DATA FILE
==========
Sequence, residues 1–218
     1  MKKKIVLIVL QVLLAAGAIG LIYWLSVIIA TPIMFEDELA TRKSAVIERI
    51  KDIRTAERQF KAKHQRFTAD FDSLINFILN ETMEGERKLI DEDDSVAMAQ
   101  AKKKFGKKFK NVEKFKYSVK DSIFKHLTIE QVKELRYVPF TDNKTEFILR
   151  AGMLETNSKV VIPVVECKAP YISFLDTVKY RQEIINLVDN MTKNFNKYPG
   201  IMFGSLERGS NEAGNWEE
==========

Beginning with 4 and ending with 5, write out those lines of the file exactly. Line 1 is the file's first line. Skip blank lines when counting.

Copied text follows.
   101  AKKKFGKKFK NVEKFKYSVK DSIFKHLTIE QVKELRYVPF TDNKTEFILR
   151  AGMLETNSKV VIPVVECKAP YISFLDTVKY RQEIINLVDN MTKNFNKYPG